Gender and Nationalism in Colonial Cuba: The Travels of Santa Cruz Y Montalvo, Condesa de Merlin
Vanderbilt University Press, 1998 - 317 páginas
Author of novels, memoirs, and travel writings, Maria de las Mercedes Santa Cruz y Montalvo, better known as la Condesa de Merlin (1789-1852), is arguably one of Cuba's most engaging authors; yet until now her works have gone largely ignored.
Born in colonial Havana to an aristocratic Creole family, the future countess of Merlin left Cuba for Spain at an early age. Later, her marriage to the French count Antoine Christophe Merlin and the invasion of French Napoleonic troops precipitated another move to France, where she became one of the belle dames of Paris and began her literary career. She returned only once to Cuba after the death of her husband in 1840, a journey that produced Viaje a la Habana. Upon her return to Paris, Merlin expanded this into La Havane, an ambitious three-volume account of the political, social, and economic organization of the island.
From the viewpoint of feminist and psychoanalytical theory, Gender and Nationalism in Colonial Cuba brilliantly explores the many ways in which issues of gender have contributed to Merlin's virtual absence from the canons of literature and from the discourses on Cuban national identity. Merlin's double identity as both Cuban and French is symbolic of the Cuban exiled condition, a fact taken up by contemporary exiled Cuban writers who see the countess as an alter-ego.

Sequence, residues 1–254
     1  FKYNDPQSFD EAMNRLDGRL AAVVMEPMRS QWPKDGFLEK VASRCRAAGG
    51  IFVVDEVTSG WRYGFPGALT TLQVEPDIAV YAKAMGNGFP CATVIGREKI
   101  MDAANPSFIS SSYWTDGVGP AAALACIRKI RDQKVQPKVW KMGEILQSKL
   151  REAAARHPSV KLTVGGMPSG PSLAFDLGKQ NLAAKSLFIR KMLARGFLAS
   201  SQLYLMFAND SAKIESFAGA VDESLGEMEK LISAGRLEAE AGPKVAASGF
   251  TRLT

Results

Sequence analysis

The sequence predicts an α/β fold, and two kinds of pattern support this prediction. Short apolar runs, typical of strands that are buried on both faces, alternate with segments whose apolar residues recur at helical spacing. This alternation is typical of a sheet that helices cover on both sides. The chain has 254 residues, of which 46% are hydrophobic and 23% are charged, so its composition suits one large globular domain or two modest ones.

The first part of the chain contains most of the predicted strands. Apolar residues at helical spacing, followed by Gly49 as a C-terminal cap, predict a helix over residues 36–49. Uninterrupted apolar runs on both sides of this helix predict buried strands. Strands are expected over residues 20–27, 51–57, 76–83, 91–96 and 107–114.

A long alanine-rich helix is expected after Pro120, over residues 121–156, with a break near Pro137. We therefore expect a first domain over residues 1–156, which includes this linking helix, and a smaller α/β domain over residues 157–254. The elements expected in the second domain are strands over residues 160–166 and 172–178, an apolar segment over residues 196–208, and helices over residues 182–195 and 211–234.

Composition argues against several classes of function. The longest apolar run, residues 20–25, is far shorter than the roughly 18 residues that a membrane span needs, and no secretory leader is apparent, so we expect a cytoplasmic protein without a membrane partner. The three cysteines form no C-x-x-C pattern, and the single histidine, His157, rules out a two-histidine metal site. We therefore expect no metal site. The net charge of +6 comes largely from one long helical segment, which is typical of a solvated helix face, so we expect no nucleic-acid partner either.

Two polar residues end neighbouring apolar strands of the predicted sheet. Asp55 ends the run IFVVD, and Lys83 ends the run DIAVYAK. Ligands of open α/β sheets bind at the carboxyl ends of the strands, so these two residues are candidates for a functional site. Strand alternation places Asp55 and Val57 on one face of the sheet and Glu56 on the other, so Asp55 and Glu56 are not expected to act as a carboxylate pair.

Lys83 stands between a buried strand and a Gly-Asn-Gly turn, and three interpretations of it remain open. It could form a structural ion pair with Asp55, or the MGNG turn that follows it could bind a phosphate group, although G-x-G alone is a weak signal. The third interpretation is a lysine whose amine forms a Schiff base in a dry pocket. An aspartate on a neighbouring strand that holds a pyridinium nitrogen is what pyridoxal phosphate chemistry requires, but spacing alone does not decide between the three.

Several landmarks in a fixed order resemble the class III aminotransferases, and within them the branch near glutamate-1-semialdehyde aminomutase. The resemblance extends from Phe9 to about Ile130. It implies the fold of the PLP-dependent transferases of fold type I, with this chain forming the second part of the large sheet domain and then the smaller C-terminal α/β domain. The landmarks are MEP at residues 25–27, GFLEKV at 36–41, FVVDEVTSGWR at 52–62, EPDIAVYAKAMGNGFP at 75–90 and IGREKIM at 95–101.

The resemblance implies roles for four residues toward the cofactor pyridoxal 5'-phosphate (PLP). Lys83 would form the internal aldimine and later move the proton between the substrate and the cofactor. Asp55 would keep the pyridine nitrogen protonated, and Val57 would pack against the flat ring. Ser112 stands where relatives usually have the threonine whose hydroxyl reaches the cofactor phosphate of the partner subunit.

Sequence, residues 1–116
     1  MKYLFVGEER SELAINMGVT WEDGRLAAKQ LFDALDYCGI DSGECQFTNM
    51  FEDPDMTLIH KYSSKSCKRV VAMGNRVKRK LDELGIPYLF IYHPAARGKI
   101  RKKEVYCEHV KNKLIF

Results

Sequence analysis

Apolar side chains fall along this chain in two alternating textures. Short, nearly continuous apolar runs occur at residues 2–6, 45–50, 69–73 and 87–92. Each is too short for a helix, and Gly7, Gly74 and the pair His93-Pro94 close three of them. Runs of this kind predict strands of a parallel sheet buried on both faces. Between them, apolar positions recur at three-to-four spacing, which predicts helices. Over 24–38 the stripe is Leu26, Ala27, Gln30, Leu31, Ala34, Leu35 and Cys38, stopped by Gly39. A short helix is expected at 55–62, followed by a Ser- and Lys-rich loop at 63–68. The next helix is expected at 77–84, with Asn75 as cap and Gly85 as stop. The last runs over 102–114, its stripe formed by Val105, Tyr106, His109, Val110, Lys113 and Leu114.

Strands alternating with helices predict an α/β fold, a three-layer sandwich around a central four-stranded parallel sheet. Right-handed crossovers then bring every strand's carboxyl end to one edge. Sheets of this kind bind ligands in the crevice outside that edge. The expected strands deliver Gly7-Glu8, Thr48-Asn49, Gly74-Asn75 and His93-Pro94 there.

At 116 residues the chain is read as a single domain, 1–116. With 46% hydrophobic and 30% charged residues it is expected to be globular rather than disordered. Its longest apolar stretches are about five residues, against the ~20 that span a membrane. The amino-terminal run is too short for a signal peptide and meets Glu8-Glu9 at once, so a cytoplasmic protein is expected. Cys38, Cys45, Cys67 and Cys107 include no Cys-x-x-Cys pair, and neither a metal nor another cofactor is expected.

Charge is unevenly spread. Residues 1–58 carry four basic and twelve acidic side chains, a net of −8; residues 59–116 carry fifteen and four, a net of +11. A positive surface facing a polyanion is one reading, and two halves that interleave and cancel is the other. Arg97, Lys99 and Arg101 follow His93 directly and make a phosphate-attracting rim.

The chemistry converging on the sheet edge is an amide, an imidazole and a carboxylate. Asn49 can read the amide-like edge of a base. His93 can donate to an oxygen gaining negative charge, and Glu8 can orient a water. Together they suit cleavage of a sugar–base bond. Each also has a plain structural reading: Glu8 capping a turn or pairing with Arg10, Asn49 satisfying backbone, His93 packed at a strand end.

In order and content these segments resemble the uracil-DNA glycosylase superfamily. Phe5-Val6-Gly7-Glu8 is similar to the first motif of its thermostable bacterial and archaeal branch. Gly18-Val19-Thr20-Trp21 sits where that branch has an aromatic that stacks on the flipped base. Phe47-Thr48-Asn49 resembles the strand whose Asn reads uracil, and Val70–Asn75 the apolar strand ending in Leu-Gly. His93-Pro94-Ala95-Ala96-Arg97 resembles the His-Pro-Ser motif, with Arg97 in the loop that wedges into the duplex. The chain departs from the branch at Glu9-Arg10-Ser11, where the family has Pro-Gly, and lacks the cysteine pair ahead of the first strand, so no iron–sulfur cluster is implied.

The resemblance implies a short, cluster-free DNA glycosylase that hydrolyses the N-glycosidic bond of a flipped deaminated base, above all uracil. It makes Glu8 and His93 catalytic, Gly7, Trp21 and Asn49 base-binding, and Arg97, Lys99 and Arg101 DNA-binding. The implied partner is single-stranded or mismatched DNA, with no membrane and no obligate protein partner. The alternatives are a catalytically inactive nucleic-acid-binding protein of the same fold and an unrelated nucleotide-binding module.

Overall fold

Mendez Rodenas seeks to restore Merlin as the first woman writer in Cuban literary history to articulate a sense of national identity, as well as being Cuba's first female historian. She focuses on Merlin's travel writings because they examine such issues as slavery, independence, nationhood, the role of women, education, and local literature. Together her writings construct an alternative, gendered history of nineteenth-century Cuba that must be acknowledged as both functional and authentic.
By situating Merlin at the intersection of the discourses of gender and nationalism, Mendez Rodenas reveals not only her pioneering role but also the need to expand current critical categories to account for the specificity of the Latin American literary tradition. In the process of restoring Merlin to her appropriate place in the canon of Latin American literature, she broadens our understanding of colonial Cuban history and expands our knowledge of the ways in which travel writing can influence a country's national literature .
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